|Publication number||US20050028595 A1|
|Application number||US 10/633,774|
|Publication date||Feb 10, 2005|
|Filing date||Aug 4, 2003|
|Priority date||Aug 4, 2003|
|Also published as||CA2472848A1, DE602004001105D1, DE602004001105T2, EP1505379A1, EP1505379B1, US7096736, US7263892, US20060130588|
|Publication number||10633774, 633774, US 2005/0028595 A1, US 2005/028595 A1, US 20050028595 A1, US 20050028595A1, US 2005028595 A1, US 2005028595A1, US-A1-20050028595, US-A1-2005028595, US2005/0028595A1, US2005/028595A1, US20050028595 A1, US20050028595A1, US2005028595 A1, US2005028595A1|
|Inventors||Kent Pfeifer, Robert Williams, Robert Waldschmidt, Catherine Morgan|
|Original Assignee||Pfeifer Kent Bryant, Williams Robert Leslie, Waldschmidt Robert Lee, Morgan Catherine Hook|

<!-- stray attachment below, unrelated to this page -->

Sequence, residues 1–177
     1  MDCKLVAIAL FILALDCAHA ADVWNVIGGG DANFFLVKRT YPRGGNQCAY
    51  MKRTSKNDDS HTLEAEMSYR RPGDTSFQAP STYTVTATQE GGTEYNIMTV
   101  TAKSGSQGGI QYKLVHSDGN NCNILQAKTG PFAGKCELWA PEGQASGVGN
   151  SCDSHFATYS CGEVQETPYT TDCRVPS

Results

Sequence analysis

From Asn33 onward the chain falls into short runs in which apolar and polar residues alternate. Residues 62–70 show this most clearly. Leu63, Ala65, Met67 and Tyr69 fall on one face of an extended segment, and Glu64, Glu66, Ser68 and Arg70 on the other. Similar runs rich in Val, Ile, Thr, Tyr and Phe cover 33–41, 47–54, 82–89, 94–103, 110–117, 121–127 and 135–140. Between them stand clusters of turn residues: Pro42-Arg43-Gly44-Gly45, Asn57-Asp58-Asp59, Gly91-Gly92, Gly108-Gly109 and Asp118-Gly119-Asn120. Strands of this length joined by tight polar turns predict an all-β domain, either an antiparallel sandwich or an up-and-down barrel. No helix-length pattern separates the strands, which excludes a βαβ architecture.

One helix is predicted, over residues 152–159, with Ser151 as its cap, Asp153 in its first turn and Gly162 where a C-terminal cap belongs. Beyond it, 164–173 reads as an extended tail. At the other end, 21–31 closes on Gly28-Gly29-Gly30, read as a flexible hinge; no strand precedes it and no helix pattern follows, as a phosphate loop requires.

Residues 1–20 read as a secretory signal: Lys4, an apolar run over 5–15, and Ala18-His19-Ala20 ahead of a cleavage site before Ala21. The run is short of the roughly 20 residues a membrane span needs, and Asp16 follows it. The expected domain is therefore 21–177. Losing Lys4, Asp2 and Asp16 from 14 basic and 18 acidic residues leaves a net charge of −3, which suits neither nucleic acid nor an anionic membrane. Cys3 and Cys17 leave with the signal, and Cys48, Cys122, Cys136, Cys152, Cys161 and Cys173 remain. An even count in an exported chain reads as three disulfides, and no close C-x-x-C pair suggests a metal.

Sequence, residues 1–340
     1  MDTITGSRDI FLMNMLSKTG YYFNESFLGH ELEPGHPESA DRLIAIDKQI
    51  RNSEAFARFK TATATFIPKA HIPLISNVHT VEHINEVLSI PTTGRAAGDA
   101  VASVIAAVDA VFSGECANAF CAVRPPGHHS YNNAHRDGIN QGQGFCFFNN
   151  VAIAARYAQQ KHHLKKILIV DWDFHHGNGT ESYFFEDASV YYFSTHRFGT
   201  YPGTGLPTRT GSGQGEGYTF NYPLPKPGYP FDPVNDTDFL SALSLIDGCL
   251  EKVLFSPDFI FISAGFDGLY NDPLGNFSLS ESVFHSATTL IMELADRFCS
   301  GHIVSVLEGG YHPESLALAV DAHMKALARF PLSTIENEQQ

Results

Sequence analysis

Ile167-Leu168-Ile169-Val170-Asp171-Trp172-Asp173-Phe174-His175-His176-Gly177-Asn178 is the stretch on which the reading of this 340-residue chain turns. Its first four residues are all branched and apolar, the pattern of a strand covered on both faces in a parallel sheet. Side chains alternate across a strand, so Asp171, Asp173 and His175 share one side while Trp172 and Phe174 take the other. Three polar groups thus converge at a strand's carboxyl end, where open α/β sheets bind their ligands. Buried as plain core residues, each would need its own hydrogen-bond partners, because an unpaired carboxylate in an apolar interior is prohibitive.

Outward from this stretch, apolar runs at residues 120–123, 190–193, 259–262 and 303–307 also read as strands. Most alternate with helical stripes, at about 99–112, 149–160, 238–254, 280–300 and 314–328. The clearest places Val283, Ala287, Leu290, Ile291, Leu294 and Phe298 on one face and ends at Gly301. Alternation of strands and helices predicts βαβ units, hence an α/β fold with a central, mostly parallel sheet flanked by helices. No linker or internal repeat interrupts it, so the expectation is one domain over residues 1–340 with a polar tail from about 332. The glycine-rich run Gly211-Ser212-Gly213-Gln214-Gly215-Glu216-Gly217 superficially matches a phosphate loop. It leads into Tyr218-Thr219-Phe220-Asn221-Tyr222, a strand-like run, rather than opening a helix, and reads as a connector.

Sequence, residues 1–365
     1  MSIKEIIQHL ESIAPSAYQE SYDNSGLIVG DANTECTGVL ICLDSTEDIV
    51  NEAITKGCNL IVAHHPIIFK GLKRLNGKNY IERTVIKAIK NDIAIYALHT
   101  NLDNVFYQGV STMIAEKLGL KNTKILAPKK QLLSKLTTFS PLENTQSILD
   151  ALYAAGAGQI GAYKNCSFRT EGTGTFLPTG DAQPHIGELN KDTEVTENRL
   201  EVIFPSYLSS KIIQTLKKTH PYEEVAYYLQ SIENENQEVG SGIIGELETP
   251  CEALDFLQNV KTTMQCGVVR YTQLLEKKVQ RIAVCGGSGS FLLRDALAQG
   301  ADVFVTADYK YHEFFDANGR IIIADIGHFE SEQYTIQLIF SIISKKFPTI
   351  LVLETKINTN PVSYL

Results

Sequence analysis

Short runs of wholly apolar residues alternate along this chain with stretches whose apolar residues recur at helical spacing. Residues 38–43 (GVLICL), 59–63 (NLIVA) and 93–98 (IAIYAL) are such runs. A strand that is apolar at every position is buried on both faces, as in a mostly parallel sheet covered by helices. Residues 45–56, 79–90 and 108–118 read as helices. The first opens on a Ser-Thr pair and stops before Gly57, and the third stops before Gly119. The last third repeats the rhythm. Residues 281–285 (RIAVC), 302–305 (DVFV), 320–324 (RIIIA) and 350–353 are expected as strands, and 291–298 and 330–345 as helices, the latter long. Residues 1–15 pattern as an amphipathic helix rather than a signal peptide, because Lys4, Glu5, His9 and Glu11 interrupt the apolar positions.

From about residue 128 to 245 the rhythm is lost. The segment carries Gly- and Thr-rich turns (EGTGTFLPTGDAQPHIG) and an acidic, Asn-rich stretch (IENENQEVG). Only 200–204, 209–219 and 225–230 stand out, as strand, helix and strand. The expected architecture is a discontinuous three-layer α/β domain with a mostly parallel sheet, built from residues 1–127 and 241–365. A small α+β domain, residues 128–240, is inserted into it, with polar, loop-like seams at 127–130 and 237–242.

|Export Citation||BiBTeX, EndNote, RefMan|
|Patent Citations (9), Referenced by (7), Classifications (6), Legal Events (6)|
|External Links: USPTO, USPTO Assignment, Espacenet|
The U.S. Government has certain rights in this invention as provided for by the terms of Contract No. DE-AC04-94AL85000 awarded by the U.S. Department of Energy. The Government has certain rights in the invention.
The invention relates generally to air pressure monitoring devices and, more specifically, to passive tire pressure monitoring devices and systems and method for utilization of same.
Safe, efficient and economical operation of a motor vehicle depends, to a significant degree, on maintaining correct air pressure in all (each) of the tires of the vehicle. Operating the vehicle with low tire pressure may result in excessive tire wear, steering difficulties, poor road-handling, and poor gasoline mileage, all of which are exacerbated when the tire pressure goes to zero in the case of a “flat” tire.